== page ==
USDA 1-77-19 tangelo
US Seedless Surprise
Photos by David Karp and Toni Siebert, CVC. Photo rights.
Source: Received as budwood from Dr. C. J. Hearn , USDA, Orlando, Florida, via CCPP, 10/2009.
Parentage/origins: Reported to be produced by irradiation of USDA 75-8 (C. x tangelo 'Pearl' X C. paradisi 'Duncan') by Jack Hearn in 1980.
Rootstocks of accession: Carrizo citrange
Season of ripeness at Riverside: October to December
Notes and observations:
‘USDA 1-77-19’ (also referred to ‘USDA 77-19’) is reported to be a tangelolo and a grapefruit-like hybrid developed by the USDA citrus breeding program. It is an irradiated hybrid of ‘Pearl’ tangelo (a hybrid of ‘Imperial’ grapefruit and Willowleaf mandarin made by Dr. H.B. Frost and introduced in 1940) and ‘Duncan’ grapefruit (a white, seedy grapefruit believed to be the oldest grapefruit variety grown in the United States). The original hybrid ‘USDA 75-8’ was selected from a population of F1 hybrids in 1973. Jack Hearn then irradiated seeds of ‘USDA75-8’ in 1980 and produced siblings ‘USDA 77-19’ and ‘USDA 1-74-15’ (Chaparro, 2000; McCollum and Chaparro, 2004). Later, ‘USDA 1-74-14’ was dropped from the program due to small fruit size, poor flavor and low yields.
According to Chaparro (2000) and McCollum and Chaparro (2004), ‘USDA 1-77-19’ fruits are low-seeded and mature early, ripening in late September while the rind is still green. It is reported to have good mild, low acid, flavor while lacking typical grapefruit bitterness. The internal flesh is light to “cream” yellow and firm. The fruits are medium in size, with a smooth medium yellow peel. The trees have a spreading growth habit with medium vigor. Chaparro (2000) reported the trees having superior vigor and health when budded on Carrizo citrange and sour orange rootstock in Leesburg, Florida. He also stated in unpublished data from taste tests that consumers like the flavor of USDA 1-77-19 and would purchase the fruit.
‘USDA 1-77-19’ is reported to have a postharvest breakdown issue; therefore McCollum and Chaparro (2004) conducted an experiment to evaluate the postharvest behavior of this variety after ethylene and fungicide treatments to the fruit. Observations suggested this variety is more sensitive to ethylene exposure in the de-greening process (similar to ‘Oroblanco’) and chilling injury indicating a need to determine ideal storage temperatures. ‘USDA 1-77-19’ has a tendency for stem-end rot and may require fungicide treatments to prevent postharvest decay.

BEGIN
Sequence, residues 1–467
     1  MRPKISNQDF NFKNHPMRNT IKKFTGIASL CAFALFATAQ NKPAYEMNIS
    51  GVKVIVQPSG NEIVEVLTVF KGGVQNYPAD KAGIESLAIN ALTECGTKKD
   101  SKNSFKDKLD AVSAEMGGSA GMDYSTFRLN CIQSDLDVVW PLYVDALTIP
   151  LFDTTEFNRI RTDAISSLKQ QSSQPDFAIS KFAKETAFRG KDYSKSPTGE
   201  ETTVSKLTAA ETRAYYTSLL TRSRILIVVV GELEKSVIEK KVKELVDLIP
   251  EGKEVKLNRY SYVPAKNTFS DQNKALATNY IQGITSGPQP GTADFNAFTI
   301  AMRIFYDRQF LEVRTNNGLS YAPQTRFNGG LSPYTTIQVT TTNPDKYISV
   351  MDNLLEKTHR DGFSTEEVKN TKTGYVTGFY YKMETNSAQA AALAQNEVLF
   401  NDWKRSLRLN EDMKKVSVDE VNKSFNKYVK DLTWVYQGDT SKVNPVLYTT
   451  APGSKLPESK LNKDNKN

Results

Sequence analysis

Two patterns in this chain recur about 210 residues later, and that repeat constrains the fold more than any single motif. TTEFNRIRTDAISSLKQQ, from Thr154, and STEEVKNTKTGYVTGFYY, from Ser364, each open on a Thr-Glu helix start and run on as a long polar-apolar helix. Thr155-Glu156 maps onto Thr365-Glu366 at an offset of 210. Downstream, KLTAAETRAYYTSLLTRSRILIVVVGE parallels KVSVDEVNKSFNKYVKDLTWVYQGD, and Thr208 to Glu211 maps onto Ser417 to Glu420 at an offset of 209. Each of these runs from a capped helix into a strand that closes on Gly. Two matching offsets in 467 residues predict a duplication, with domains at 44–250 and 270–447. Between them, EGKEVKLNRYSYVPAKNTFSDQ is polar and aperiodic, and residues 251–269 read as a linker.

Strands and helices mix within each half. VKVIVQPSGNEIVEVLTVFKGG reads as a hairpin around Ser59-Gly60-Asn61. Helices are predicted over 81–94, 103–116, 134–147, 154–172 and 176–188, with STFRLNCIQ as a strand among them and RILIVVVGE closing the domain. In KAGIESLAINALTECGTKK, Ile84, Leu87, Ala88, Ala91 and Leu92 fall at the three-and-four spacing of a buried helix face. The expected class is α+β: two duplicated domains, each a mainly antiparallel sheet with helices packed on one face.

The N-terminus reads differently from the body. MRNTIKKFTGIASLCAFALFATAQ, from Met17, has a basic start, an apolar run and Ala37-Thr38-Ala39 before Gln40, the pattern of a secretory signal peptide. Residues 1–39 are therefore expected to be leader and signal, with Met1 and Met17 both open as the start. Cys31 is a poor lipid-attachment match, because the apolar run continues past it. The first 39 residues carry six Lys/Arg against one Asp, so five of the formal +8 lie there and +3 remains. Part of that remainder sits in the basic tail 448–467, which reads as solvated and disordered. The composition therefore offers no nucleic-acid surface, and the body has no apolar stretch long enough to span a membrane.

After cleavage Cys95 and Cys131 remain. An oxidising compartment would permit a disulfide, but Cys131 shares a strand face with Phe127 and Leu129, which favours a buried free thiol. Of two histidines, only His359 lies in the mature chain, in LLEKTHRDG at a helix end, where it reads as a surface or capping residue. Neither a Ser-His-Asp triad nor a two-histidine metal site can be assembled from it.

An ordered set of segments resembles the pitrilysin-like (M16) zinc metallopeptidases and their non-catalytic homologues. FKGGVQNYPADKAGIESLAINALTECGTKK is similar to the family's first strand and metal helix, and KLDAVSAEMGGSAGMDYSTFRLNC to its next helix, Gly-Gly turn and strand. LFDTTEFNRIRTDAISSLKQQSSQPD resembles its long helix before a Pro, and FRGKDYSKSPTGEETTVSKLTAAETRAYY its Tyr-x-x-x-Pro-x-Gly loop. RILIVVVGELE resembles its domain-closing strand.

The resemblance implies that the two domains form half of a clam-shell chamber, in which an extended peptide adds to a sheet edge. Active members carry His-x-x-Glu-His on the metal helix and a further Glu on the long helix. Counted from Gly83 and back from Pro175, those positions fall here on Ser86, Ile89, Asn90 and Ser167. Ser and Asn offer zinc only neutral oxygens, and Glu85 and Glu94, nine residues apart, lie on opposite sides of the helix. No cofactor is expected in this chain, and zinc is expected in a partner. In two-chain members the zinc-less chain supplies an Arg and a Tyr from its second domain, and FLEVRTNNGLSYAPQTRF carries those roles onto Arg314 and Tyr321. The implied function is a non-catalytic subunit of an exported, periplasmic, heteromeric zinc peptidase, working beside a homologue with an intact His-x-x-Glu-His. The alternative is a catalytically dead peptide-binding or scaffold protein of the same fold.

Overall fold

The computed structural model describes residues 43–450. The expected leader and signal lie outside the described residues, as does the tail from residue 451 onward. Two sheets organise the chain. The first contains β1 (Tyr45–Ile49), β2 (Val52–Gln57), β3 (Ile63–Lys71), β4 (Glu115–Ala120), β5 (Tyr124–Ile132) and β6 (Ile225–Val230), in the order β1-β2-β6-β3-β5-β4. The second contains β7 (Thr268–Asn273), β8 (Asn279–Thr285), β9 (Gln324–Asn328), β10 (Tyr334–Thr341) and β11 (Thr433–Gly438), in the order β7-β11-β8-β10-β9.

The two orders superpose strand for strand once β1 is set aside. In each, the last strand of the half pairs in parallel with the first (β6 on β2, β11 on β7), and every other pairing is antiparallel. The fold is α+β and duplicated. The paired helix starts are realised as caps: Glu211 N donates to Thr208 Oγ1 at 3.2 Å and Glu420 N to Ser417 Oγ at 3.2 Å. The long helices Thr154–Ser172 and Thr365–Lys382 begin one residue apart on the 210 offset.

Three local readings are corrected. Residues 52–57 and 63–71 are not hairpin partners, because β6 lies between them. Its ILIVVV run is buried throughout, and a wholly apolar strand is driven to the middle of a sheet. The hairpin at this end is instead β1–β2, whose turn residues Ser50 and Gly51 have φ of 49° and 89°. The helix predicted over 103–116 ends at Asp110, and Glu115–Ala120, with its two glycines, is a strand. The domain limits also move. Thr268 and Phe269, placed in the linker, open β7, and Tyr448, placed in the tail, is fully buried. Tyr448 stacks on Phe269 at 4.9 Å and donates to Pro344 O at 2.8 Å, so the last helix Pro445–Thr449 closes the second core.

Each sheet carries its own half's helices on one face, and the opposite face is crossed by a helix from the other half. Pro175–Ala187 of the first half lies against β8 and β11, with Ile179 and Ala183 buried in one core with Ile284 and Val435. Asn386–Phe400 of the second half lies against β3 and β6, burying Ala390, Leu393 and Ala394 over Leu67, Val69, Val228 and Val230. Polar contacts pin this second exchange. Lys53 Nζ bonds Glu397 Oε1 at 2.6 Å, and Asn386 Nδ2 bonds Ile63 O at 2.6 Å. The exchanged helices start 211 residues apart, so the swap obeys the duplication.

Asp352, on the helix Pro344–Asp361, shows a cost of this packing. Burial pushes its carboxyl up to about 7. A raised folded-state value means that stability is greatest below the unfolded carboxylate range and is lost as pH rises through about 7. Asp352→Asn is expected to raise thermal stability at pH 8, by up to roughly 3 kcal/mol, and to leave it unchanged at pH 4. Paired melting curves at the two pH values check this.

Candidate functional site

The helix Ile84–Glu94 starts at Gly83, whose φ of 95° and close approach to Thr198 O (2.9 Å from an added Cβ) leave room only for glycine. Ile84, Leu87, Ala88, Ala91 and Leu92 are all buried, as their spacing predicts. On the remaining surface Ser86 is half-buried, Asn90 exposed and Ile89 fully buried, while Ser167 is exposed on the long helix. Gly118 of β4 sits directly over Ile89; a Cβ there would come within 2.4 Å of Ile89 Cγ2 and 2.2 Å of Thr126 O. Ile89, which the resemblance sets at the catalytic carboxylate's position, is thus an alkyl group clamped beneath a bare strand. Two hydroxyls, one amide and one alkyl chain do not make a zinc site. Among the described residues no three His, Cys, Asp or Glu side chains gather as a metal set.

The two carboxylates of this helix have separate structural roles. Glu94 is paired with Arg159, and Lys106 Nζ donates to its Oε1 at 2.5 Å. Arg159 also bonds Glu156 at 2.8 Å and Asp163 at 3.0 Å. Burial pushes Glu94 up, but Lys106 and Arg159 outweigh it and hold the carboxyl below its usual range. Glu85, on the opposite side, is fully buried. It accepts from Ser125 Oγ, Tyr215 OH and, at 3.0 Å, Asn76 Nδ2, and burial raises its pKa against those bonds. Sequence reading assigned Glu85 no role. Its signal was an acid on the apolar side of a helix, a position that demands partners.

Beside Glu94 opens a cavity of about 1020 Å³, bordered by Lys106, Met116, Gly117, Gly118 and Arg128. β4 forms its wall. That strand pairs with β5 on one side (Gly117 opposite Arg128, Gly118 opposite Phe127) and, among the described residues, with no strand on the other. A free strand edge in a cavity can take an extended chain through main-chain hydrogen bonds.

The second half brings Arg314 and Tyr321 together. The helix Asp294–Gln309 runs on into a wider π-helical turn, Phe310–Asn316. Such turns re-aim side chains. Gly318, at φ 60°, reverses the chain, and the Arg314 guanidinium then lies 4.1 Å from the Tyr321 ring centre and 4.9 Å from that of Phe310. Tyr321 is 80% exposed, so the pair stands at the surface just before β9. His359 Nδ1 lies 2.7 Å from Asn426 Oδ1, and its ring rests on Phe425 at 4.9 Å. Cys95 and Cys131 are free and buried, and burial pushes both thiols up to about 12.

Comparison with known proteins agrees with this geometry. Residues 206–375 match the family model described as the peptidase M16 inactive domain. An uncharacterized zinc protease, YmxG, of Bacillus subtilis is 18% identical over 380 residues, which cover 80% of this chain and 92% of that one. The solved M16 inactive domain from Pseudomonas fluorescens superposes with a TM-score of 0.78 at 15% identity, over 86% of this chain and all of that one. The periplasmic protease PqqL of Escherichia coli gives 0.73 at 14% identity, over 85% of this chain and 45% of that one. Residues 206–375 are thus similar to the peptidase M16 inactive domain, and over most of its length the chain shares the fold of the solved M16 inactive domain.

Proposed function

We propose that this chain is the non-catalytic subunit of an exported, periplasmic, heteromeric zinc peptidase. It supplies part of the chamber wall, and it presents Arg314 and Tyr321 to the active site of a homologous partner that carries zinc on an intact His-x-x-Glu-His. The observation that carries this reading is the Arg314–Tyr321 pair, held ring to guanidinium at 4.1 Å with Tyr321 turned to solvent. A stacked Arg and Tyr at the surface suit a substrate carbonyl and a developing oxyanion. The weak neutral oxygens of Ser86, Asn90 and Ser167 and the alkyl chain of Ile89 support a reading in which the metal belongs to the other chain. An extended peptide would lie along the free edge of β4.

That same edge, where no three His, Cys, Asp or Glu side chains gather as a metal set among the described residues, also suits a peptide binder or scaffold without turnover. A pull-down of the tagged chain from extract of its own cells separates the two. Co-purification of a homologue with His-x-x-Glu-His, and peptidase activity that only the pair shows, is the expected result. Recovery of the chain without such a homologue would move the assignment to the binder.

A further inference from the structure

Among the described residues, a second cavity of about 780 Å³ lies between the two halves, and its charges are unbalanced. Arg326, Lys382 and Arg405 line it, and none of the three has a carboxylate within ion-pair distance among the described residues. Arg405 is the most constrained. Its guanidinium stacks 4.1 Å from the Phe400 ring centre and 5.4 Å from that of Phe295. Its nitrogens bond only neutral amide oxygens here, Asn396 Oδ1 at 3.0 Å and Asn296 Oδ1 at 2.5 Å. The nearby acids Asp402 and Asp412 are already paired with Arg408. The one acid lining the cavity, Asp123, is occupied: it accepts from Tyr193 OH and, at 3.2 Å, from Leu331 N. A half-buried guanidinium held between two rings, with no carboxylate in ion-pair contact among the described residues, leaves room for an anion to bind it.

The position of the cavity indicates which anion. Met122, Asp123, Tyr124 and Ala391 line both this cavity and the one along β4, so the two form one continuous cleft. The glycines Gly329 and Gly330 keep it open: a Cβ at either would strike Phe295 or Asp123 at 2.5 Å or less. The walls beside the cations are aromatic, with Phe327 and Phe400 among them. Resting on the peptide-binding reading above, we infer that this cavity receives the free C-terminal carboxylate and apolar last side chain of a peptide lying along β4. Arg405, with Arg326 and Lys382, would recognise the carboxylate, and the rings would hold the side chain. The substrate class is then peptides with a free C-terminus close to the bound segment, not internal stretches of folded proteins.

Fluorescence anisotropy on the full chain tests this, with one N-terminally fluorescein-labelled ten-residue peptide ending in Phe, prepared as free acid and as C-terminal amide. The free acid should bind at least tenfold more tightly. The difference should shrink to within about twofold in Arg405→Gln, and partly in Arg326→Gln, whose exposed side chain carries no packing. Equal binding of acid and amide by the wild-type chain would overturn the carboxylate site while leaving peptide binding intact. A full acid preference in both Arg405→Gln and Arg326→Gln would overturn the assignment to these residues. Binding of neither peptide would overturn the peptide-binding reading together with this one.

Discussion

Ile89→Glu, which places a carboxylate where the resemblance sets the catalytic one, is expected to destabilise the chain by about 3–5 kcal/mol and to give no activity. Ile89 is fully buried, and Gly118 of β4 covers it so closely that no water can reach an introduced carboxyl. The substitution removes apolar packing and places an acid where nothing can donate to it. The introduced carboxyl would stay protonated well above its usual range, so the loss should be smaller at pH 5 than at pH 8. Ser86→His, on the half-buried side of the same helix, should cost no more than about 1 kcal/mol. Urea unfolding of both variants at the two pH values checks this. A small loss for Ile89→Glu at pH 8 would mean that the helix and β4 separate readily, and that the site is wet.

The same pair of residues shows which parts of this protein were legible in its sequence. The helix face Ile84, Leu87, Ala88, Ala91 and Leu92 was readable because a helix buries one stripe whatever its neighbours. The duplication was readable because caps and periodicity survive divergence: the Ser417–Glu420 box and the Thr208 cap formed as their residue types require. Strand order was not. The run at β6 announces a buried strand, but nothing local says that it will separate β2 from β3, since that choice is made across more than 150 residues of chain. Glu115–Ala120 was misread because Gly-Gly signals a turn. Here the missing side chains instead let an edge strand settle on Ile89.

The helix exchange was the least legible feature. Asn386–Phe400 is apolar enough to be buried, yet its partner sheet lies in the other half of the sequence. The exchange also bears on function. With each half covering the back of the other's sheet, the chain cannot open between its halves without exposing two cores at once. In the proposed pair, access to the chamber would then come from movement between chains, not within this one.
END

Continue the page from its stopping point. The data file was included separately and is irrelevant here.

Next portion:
Stated by donor to be a tangelolo and a sibling of USDA 1-74-15. Produced by irradiation of USDA 75-8 (C. xtangelo 'Pearl' X C. paradisi 'Duncan') by Jack Hearn in 1980 (Chaparro, 2000; McCollum and Chaparro, 2004). Pathogen-tested budsource of RRUT 314, which was a reintroduction of RRUT 224 and RRUT 287. All three are now inactive and RCRC 4203 is the active accession of this genotype.
According to the USDA New Variety Synopsis, 1995, USDA 1-77-19 is "Nearly seedless; smooth yellow fruit, fairly round; low acid. Selected mainly as a very early maturing type for fresh fruit use, this potential variety is in the latter stages of testing. The fruit is much like white grapefruit in appearance and is medium in size. It is seedless or nearly so and will pass fresh fruit standards in early September of most years. The taste is very pleasant and low acid with no bitterness evident. Fruit hold exceptionally well on the tree with little tendency to dry out before harvest." See Chaparro (2000) and McCollum and Chaparro (2004) for more information. (RR Krueger, 09/26/2008) .
Availability: Please refer to the CCPP for information on an approved budsource.
CVC Fruit Quality data for USDA 1-77-19:Control used in evalutations was Oroblanco grapefruit hybrid.
Proc. Intl. Soc. Citricult. IX Conor. 2000.28. USDA 77-19, An Early Ripening Grapefruit Hybrid
Jose X. Chaparro U.S. Department of Agriculture, Agricultural Research Service, Ft. Pierce, FL34945
McCollum, TG, and JX Chaparro. 2004. Importance of postharvest evaluations in a fresh fruit breeding program: USDA 77-19 a case in point. Proc Fla Hort Soc 117:153-156.
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